Fiscal Metering – a useful guide
March 31, 2021
What is fiscal metering?
It sounds like a very simple question and on one level it is. It’s also quite a complex question, and while the technical authorities in most businesses will fully understand the nuances and details of that, a lot of other technical, project and operations managers may not have a full grasp of key aspects, simply because it’s often seen as quite niche as a subject within the larger oil and gas discussion.
Here at Thyson Technology, we’re committed to delivering precisely what our customers need, and that includes providing useful content to support your knowledge and understanding of the industry we all work in.
The central question contained in any discussion on fiscal metering is the critical concept of uncertainty. There is always an element of uncertainty in any meter that measures the flow of liquid or gas, from an industrial meter to the meter in your home, and that uncertainty is not only pivotal to understanding the physical transfer of a fluid from one owner or custodian, to another, (also known as ‘custody transfer’) but also an important factor in accurately determining network shrinkage (OUG, Input and Output) or loading/unloading an LNG tanker.
Fiscal metering: a definition
Fiscal metering is a metering system used commercially, that’s similar in principle to the gas meter in your home. They vary in size and in some cases, they’re so large, you can walk through them. They measure the flow of gas at custody transfer points from the seller to the new owner of the gas.
In other words, fiscal metering operates like a cash register.
Fiscal meters used in the industry are described by the regulations as Class 1 primary elements. At Thyson, we build systems using our preferred suppliers’ meters, unless a customer has a preference for a different supplier.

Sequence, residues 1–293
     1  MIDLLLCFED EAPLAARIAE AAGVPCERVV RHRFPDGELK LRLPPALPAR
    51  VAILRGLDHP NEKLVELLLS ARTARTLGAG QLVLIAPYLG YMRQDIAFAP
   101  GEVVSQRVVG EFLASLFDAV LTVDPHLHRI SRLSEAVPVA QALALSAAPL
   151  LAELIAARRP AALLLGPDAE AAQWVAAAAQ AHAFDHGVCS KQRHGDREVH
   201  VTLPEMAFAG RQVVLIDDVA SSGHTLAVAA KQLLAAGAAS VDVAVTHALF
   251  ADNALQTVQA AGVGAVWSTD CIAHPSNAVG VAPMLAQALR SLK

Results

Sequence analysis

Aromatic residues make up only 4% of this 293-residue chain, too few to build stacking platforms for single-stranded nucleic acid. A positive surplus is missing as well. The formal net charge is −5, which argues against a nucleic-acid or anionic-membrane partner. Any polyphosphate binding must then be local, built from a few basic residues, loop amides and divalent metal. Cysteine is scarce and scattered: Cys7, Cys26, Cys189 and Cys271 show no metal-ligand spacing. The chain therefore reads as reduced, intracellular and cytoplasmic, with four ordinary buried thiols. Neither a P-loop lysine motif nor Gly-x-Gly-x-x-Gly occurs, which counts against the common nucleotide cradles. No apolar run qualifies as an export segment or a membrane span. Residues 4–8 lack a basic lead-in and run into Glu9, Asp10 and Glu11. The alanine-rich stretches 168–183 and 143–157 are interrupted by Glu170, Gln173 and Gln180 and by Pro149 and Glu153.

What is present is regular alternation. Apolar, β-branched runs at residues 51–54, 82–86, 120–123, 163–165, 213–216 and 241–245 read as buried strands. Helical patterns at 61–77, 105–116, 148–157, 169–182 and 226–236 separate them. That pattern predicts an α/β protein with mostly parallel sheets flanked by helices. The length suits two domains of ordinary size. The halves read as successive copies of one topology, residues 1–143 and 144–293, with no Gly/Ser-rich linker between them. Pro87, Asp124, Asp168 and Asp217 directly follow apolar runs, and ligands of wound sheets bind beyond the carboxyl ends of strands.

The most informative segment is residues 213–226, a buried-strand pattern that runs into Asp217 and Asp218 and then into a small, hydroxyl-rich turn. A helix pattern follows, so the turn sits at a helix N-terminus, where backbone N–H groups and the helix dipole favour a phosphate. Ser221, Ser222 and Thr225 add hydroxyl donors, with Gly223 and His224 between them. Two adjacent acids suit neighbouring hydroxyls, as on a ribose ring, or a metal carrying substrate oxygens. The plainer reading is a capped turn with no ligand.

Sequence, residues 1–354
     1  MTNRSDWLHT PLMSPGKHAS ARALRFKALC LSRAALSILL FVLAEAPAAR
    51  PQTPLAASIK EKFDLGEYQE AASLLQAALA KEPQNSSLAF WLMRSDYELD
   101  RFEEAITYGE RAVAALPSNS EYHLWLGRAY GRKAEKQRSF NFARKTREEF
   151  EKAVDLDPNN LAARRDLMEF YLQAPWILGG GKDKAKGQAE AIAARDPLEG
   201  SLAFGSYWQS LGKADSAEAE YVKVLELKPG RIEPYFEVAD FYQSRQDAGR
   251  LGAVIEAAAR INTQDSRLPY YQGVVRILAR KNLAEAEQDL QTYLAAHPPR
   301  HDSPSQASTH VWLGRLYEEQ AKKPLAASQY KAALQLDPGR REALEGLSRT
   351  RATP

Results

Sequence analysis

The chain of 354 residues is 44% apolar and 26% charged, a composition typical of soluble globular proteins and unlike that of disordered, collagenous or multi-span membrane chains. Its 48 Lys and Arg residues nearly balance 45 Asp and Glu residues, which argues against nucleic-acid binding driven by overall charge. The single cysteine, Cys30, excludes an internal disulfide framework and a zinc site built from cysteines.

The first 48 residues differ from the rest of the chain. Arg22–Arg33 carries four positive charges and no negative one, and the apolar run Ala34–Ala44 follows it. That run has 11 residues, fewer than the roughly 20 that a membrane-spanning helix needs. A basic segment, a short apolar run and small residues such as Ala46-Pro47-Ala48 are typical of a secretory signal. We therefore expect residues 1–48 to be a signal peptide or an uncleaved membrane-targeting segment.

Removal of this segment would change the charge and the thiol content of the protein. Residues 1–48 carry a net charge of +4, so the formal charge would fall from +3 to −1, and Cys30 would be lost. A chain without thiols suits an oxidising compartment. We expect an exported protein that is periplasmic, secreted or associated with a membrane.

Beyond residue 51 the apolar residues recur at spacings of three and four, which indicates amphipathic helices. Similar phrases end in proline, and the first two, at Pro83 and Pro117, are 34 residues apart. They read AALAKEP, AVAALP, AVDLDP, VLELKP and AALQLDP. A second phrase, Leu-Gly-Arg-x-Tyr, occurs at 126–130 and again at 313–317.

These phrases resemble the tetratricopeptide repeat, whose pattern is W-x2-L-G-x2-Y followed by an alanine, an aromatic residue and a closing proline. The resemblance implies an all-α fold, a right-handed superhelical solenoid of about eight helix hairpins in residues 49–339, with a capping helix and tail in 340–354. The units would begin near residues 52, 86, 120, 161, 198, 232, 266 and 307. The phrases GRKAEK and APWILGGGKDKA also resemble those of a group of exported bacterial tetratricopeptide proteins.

There are three types of primary elements we commonly use:
Accuracy and uncertainty
Flow metering is an exacting science.
Any fiscal meter system should be as accurate as possible, so the seller and buyer know the precise volume and energy/components of fluid that is traded, and therefore, an accurate value is also part of the transaction, or as close as possible to the real energy value. Uncertainty over the flow measurement is the core issue in fiscal metering and every provider of fiscal metering solution’s must understand their metering system’s uncertainty and be able to communicate this, with evidence, to the customer.
When gas from the North Sea comes onshore at St Fergus Gas Reception Terminals, for example, the gas will be processed by the producers and then sold to gas shippers who then sell the gas to the suppliers, typically of the Big Six (69% in 2019). The value of the processed gas is dependent on both accurate determination of the volume, as well as the Gas Quality/Calorific Value. The shipper uses the National Transmission System and the distribution networks to transport natural gas to their domestic and industrial customers. The Uniform Network Code (UNC) forms the basis of the commercial contract between gas transporters and shippers. Within the UNC, there are specific requirements set out for gas quality and volumetric uncertainty.
Budget uncertainty vs actual uncertainty calculations